The political dimension is even worse. The ruling and opposing elites are more concerned with issues of “inheritance” of power than this cancerous dilemma. From a political point of view, the state does not seem ready to make use of the experiences of other countries which achieved better results in this field. There are positive incentives that can be given to citizens in order to make them have as much kids as they can adequately support and educate. These incentives include decreasing taxes paid by the head of the household depending on the number of his children (as in Tunisia, Bangladesh, Indonesia, and Vietnam), and retirement grants given to government employees who have a limited number of kids. In the latter case, these grants are not given when the employee exceeds a certain number of kids, and may even turn into penalties. Some countries facilitate grants and loans as far as the number of children in the family is controlled (e.g. Bangladesh and Indonesia), and help small-sized families have houses. In addition, some countries – like India – give financial incentives to families which abide by the legal marital age for females. In India as well, societal incentives are given to the neighborhoods which abide by family planning and achieve low infant mortalities, as well as higher rates of literacy and primary education.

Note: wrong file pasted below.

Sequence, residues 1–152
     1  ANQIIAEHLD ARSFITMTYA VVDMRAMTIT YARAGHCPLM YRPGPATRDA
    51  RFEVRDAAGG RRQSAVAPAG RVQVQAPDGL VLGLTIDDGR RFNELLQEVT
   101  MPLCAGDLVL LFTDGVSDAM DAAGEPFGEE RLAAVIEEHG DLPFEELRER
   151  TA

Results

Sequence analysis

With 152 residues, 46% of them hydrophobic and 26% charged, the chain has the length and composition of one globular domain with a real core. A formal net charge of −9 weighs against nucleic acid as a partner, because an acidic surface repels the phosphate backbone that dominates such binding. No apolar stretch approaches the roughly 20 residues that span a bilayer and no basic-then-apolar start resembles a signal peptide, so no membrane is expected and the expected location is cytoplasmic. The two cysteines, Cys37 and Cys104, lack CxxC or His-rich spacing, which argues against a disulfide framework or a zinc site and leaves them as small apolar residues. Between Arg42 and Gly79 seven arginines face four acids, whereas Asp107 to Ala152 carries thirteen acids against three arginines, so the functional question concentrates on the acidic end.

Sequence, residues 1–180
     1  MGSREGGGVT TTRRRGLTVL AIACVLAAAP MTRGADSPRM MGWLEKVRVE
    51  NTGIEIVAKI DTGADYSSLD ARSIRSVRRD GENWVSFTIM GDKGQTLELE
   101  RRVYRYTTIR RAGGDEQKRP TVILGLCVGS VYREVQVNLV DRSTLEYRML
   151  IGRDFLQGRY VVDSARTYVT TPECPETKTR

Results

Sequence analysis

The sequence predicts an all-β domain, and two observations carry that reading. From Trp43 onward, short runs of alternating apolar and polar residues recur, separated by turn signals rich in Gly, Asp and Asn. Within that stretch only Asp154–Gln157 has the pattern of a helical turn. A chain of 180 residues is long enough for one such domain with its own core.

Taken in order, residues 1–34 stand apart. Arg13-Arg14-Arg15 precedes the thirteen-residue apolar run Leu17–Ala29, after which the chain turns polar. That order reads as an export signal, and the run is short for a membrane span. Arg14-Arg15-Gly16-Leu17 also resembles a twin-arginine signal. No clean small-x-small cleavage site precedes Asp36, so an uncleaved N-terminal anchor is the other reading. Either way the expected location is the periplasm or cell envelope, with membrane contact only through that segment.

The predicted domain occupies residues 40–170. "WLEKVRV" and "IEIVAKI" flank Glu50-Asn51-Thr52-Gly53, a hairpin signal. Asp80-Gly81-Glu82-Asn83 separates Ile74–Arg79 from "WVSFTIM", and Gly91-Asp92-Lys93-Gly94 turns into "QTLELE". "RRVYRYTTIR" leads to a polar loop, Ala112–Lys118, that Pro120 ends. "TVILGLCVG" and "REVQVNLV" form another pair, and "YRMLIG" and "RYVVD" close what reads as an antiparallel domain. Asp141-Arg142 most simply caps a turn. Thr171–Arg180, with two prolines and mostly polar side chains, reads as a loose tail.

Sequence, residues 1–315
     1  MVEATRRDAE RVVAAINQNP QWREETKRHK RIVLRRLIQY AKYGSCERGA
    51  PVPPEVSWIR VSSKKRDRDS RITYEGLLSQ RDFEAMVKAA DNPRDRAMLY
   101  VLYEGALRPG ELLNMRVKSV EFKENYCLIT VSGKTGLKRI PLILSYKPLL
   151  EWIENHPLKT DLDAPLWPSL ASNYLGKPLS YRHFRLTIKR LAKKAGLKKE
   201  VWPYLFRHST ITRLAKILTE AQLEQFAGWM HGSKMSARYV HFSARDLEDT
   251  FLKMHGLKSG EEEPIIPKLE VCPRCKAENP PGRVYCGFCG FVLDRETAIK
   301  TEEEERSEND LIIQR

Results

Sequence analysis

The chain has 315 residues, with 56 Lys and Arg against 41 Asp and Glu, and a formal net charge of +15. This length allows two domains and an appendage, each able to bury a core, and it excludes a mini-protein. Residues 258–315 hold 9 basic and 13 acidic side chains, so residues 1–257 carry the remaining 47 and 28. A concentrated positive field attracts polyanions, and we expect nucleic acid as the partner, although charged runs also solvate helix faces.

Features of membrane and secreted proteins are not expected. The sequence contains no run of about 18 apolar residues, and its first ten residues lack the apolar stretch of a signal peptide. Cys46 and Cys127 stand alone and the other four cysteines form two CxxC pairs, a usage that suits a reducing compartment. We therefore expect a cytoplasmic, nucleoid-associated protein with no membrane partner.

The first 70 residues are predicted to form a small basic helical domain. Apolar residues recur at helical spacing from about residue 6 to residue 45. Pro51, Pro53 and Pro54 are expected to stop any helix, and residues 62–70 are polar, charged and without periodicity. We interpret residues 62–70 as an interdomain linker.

Likewise, there are negative incentives (penalties) that may be imposed on those who conceive too many children because it is not a matter of personal freedom. Individuals are socially obliged to have as much children as they can raise and educate in an adequate way. Parents who don’t enroll their kids in primary schools or make them drop out before the age of 16 while they are capable of continuing are punished. These measures are taken because education is one of the main factors for improving the demographic properties in any country, and one of the main components in solving the demographic problem (e.g. Tunisia and Thailand). Remedies include financial and administrative penalties on violators like reducing financial incentives.